As it’s World Book Day, we decided to search out a job you’ve never thought of in the book publishing industry. Anna Steadman is the rights manager at Lutyens & Rubinstein book agency. We had a chat with her to find out all about her job and what advice she would give to someone who wants to go into publishing.
What does your job actually involve?
I look after the translation rights and other subsidiary rights (eg audio) for the books that we represent. We work with co-agents in a lot of countries, but I deal directly in others, like Scandinavia and the Netherlands. My average day involves a lot of emails; people enquiring about rights to books, negotiating contracts for deals I’ve already done, organising mailouts. And at the moment we’re gearing up for the London Book Fair, which is in April. That’s a big event in the calendar for us.
Have you sold the rights to any famous books?
Probably the best known is The Teleportation Accident by Ned Beauman, which was longlisted for the Man Booker Prize last year and has just been published in the US to glowing reviews. As an agency we represent a diverse range of writers whose books range from crime fiction to cookery, from literary to commercial, as well as non-fiction, YA and lots of things in between. It makes my job really interesting.
How did you get into publishing?
It’s an unusual route I took into it actually. There’s a bookshop attached to our agency so I started working for my bosses the month before the bookshop opened and then I worked in the bookshop for the first six months or so and then moved over to the agency. And then I became rights manager at the beginning of last year.
Did you need qualifications to get your job?
I did an English degree at UCL but I always knew I wanted to go into publishing so I did internships in the summer and things. I don’t think an English degree is essential though, one of the agents here did an Art History degree, but the vast majority of people have an English degree. I think it’s a passion for literature really; a lot of people who feel very passionately about books studied English but not necessarily all of them.
What’s the best part of your job?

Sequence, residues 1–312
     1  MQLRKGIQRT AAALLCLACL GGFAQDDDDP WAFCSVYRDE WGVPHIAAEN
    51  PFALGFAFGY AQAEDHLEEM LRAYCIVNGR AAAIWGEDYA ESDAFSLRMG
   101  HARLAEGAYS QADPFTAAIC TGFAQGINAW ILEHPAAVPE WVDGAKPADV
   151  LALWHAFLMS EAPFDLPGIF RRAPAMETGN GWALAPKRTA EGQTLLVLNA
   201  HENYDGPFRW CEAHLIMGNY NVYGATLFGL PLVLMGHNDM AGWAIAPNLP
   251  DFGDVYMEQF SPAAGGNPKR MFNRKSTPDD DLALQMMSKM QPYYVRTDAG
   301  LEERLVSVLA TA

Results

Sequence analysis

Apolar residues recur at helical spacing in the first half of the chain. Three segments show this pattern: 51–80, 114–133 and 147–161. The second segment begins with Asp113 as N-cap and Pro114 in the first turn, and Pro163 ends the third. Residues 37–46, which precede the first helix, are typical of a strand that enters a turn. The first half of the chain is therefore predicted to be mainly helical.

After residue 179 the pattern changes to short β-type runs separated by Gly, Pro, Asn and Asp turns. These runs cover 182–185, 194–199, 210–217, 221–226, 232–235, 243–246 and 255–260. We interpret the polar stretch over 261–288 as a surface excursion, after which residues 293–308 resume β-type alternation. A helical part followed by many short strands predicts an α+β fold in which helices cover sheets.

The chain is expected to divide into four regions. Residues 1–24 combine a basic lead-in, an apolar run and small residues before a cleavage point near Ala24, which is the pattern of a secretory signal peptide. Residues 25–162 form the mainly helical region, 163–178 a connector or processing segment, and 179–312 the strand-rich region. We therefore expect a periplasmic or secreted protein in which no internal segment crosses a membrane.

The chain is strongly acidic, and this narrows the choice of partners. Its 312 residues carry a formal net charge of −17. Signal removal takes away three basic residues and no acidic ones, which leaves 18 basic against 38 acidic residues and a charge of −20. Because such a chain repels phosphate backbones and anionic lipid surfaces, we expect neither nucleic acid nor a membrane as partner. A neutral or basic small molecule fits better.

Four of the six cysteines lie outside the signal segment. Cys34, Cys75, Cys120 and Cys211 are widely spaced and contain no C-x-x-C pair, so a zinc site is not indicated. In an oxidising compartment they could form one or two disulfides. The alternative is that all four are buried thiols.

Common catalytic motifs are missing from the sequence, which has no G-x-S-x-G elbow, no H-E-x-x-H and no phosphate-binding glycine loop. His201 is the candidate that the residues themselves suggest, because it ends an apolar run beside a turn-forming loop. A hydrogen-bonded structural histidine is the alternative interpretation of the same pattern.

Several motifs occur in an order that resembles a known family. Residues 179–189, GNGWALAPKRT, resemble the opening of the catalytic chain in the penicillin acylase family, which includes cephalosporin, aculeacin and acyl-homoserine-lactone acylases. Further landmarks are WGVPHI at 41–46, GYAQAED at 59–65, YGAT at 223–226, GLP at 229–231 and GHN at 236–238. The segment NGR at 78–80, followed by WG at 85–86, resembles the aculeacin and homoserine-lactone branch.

The sheer amount of people from around the world that I get to talk to. And when you really love a book, seeing people from such different parts of the world loving it too, and the different editions that they do.
And what’s the worst part of your job?
I think the worst part of my job is tax exemption forms, they are the bane of my life! There can be a lot of admin in selling books all over the world.
What advice would you give to anyone wanting to get into publishing?
I’d suggest widening your horizons. Most people start off thinking they want to work in editorial, because it’s the best known department of a publishing house, but do consider interning and/or applying for an entry level job in a different department of a publishing house: marketing, publicity, digital, rights. It won’t hurt your chances of getting a job in editorial later on if that’s still what you want to do, but there are lots of other jobs in publishing (and in a literary agency!) that you might not have thought of but could end up loving.
Anna talks about books (and occasionally West Ham) on her Twitter: @annasteadman
As it’s World Book Day, we’ve been chatting all day at GoThinkBig Towers about our favourite books so we asked Anna about hers too she said that she loves ‘The End of The Affair’ by Graham Greene.
And just for a bit of insight, here are our favourite books:
• Molly, editor – The Secret History by Donna Tartt
• Sarah, head of youth opportunities – Half of a Yellow Sun by Chimamanda Ngozi Adichie
• Jackie, project manager – Made To Stick by Chip Heath and Dan Heath
• Maria, project manager – David Copperfield by Charles Dickens
• Stevie, writer – The Witches of Eastwick by John Updike
• Dan, web producer – Slaughterhouse-Five by Kurt Vonnegut
And we asked our Twitter followers, here’s what they said: